In recent years investors have been increasingly drawn to the diversification benefits offered by listed investment companies (LICs) and exchange-traded funds (ETFs). Despite this, many investors are seemingly unaware as to the nuances between the structures and the impact they may have on portfolios.
Fundamentally, the variance between the two stems from the difference in their structures. ETFs are open-ended unit trusts, meaning they incur unlimited daily in-flows and out-flows of funds. While this does provide investors with certainty regarding liquidity, it also means units are regularly created or redeemed as investors buy and sell an ETF.
Alternatively, LICs are closed-ended listed companies - meaning, for the most part, investors looking to buy an LIC must do so on a secondary market, purchasing shares off an existing holder.
This structure allows managers to invest for the long term, as they are not affected by daily fund flows and hence rarely find themselves to be forced to buy or sell holdings. This is a luxury not enjoyed by ETFs, which are required to sell underlying shares to fund redemptions and purchase shares in order to deploy newly invested capital.
Further, LICs have the ability to retain capital gains and income earned. This allows them to evenly spread dividends, across a range of market conditions, a benefit not afforded to ETFs, which are forced to pay out all returns each year. Additionally, the structure of LICs and the imputation credit system allows tax paid to be paid out to investors in the form of franking credits.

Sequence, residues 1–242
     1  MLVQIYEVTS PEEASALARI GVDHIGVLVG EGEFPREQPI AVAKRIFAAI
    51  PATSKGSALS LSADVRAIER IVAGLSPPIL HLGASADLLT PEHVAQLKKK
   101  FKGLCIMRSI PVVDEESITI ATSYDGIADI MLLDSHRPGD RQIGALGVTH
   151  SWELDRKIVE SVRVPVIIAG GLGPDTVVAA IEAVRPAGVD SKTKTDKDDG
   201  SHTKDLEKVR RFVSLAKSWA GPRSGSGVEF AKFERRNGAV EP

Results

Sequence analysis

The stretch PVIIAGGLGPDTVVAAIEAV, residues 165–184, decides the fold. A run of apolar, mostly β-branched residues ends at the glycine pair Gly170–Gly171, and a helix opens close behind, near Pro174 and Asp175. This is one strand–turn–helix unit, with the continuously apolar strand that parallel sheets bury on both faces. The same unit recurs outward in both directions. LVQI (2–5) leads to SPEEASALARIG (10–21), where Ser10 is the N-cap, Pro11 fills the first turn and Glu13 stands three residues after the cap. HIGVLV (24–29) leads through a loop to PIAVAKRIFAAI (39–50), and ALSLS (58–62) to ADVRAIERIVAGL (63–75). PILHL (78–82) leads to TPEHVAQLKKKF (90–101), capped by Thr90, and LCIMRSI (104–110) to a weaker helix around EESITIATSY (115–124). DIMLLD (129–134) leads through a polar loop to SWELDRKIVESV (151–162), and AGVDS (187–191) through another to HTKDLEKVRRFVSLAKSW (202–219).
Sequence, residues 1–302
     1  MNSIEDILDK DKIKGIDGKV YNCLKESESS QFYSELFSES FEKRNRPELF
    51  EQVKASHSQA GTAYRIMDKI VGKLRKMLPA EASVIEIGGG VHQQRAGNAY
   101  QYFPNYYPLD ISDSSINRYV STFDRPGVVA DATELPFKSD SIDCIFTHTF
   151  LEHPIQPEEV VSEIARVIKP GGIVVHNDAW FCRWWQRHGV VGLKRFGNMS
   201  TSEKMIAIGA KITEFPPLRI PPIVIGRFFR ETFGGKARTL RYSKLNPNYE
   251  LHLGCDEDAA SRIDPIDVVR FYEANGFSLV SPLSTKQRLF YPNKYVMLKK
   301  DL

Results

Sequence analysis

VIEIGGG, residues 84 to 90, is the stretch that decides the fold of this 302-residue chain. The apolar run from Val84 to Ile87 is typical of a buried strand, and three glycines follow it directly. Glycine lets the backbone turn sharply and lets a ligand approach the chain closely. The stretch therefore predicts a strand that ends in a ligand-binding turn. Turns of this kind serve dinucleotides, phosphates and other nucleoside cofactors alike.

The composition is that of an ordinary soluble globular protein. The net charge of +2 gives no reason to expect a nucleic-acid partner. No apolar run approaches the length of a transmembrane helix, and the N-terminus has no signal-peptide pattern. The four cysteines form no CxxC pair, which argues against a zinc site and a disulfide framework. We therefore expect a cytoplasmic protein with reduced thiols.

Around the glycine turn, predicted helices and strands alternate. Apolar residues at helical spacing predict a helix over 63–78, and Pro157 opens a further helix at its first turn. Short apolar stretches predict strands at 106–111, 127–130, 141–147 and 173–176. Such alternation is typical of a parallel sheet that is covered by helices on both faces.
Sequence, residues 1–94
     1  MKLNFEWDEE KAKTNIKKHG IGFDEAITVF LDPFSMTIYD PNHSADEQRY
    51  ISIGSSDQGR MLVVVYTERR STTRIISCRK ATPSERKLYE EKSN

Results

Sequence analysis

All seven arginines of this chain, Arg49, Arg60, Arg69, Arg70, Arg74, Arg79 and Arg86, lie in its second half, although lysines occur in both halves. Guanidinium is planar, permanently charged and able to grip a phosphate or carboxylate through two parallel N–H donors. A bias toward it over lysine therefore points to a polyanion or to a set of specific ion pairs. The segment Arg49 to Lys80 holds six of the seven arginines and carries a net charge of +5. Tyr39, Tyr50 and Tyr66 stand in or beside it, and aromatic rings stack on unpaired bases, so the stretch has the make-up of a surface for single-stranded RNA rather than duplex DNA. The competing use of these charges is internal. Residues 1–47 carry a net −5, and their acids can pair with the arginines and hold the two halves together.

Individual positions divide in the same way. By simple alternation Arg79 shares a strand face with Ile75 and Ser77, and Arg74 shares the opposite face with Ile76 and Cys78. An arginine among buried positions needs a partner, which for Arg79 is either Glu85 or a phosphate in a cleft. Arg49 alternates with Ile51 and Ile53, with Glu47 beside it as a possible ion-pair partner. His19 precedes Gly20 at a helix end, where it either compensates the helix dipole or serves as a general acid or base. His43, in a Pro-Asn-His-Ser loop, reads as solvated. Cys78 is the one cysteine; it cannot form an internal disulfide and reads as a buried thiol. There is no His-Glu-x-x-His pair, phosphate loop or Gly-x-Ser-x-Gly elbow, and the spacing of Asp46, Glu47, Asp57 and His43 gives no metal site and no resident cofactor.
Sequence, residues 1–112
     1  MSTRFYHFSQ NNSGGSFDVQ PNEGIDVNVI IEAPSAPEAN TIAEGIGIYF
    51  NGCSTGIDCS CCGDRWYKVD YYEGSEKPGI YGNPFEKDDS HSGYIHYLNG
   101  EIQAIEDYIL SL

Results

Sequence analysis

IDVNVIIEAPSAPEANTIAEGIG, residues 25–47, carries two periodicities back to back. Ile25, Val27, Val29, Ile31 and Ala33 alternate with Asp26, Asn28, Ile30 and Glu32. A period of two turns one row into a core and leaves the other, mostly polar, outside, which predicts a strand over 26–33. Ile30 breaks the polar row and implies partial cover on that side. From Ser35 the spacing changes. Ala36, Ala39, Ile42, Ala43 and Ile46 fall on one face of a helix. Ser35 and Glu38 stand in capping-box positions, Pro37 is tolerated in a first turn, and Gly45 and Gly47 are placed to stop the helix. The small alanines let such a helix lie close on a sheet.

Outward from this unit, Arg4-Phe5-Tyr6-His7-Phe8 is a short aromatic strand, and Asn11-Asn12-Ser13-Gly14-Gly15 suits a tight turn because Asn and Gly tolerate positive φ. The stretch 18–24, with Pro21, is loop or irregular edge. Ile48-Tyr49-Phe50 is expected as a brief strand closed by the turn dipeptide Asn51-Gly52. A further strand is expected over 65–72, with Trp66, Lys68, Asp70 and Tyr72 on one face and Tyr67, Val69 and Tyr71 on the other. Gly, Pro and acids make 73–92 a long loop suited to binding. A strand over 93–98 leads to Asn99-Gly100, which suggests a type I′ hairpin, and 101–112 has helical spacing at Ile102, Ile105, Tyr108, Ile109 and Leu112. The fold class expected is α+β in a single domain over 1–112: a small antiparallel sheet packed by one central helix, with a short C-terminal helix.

While the benefits of LICs are compelling, specific attributes of ETFs are favourable. ETF units are easily created or redeemed by "market makers" subject to fund inflows or outflows. The positive impact of this is ETFs trade very closely to their underlying net asset value and provide investors with a high level of liquidity.
Conversely, as shares in LICs can only be bought and sold by third parties, liquidity is solely reliant on investor appetite. Further the market price can deviate from the underlying net asset value to trade at either a discount or premium to the LICs true value. An important consideration for any investor thinking about purchasing an LIC is its true value compared to its market value, as buying an asset at a considerable premium may impact ongoing returns.
Additionally, ETFs typically offer superior transparency as they are required to regularly publish the entire contents of their portfolio and intra-day pricing on units. Conversely, many LICs only provide investors with an update of their underlying net asset value and largest investments on a monthly basis, limiting transparency and making it difficult for investors to accurately assess the true value of the underlying portfolio.
The advantages and disadvantages of both investment structures should be considered alongside the objectives of each individual investor.
Daryl Dixon is the executive chairman of Dixon Advisory. email@example.com